“I pledged to continue to dialogue with the U.S. Conference of (Catholic) Bishops to make sure that we can strike the right balance. His (Francis’s) job is a little more elevated. We're down on the ground dealing with the often profane, and he's dealing with higher powers. I do think that there is a potential convergence between what policymakers need to be thinking about and what he's talking about.”

Helping the poor

 

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Pope Francis

“A way has to be found to enable everyone to benefit from the fruits of the earth, and not simply to close the gap between the affluent and those who must be satisfied with the crumbs falling from the table, but above all to satisfy the demands of justice, fairness and respect for every human being.”

- Francis in his address to the Food and Agricultural Organization, 2013

Barack Obama

“The stereotype is that you’ve got folks on the left who just want to pour more money into social programs, and don't care anything about culture or parenting or family structures, and that's one stereotype.  And then you’ve got cold-hearted, free market, capitalist types who are reading Ayn Rand and -- (laughter) -- think everybody are moochers.  And I think the truth is more complicated.”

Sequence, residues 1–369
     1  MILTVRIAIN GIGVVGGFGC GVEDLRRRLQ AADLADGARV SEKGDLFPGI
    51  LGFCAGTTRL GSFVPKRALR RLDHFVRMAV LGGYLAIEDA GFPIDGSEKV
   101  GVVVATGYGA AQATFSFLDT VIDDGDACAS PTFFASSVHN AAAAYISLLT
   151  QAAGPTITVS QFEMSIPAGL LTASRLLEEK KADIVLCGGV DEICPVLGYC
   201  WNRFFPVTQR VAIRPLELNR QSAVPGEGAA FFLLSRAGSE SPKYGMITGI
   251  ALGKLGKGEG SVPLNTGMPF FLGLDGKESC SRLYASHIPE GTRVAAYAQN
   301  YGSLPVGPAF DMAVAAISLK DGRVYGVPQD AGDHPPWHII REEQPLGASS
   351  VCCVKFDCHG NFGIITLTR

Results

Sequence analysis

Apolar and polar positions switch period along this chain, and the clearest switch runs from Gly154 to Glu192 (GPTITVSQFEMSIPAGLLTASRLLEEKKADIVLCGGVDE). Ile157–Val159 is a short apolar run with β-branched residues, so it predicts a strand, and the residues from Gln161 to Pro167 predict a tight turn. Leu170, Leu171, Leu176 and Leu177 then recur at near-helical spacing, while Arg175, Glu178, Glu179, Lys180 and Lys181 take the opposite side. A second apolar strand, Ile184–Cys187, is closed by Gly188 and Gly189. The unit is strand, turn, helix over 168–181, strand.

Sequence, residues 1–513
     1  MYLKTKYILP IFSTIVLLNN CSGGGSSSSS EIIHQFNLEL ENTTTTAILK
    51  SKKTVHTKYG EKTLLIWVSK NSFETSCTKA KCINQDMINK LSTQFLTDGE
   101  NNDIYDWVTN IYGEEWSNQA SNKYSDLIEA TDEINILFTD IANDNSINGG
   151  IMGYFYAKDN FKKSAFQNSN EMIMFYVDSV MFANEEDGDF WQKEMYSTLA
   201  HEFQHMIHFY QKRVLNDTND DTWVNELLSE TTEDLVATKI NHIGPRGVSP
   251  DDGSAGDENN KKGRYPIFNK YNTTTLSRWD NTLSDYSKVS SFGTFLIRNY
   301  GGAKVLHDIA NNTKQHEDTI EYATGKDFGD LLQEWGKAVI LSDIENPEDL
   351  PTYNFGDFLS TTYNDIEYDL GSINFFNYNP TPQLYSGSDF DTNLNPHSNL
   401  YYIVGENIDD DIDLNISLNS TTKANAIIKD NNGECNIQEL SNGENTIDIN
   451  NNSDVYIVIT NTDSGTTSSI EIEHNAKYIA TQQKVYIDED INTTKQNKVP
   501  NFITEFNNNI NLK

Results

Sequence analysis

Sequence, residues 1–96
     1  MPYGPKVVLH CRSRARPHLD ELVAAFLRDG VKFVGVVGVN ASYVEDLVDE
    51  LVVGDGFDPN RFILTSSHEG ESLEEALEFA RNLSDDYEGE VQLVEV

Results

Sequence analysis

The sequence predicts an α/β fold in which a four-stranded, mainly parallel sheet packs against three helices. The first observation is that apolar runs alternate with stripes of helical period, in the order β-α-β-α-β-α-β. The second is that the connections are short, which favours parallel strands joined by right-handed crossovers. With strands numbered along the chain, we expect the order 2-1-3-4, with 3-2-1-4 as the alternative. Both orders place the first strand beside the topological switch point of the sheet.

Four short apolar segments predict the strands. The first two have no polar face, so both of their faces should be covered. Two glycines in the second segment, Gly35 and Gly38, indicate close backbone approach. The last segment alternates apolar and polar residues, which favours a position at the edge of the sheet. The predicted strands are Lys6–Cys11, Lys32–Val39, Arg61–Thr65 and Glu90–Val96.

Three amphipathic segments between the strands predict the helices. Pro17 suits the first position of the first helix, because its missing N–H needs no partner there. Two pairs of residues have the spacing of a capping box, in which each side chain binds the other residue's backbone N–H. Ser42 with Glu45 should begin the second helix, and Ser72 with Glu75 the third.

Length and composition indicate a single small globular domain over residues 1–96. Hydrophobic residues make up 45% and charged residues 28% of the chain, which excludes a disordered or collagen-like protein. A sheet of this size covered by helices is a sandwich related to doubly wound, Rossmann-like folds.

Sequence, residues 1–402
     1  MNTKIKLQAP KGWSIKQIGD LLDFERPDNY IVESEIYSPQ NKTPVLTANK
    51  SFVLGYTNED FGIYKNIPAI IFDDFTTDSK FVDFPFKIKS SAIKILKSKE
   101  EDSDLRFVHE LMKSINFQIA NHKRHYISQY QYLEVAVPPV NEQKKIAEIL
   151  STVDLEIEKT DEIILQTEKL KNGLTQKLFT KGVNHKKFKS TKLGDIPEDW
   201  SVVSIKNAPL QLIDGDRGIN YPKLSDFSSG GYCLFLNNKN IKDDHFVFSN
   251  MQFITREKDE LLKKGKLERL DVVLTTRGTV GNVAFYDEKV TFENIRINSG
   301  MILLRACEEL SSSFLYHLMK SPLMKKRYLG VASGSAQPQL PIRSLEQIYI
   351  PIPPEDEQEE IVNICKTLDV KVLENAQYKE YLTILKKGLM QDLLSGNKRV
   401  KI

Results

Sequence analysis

- Obama on poverty at Georgetown University, May 2015

Wealth and capitalism

 

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Pope Francis

“My thoughts turn to all who are unemployed, often as a result of a self-centred mindset bent on profit at any cost,”

- Francis tweet in May, 2013

He has also hit out at “unbridled capitalism” and called it “a new tyranny” that worships “an idol called money”.

Barack Obama

“We believe in the idea that this country does best when everybody gets a fair shot, everybody is doing their fair share, everybody has to play by the same rules.  Not top-down economics. Not trickle-down economics.  If we were actually to look at the evidence, it’s pretty clear whose theory of how to grow the economy and make sure American people are prospering, which theory works. We know their ideas don’t work. We remember. Middle-class economics - that works. Expanding opportunity - that works.”

- Obama speaking in February 2015.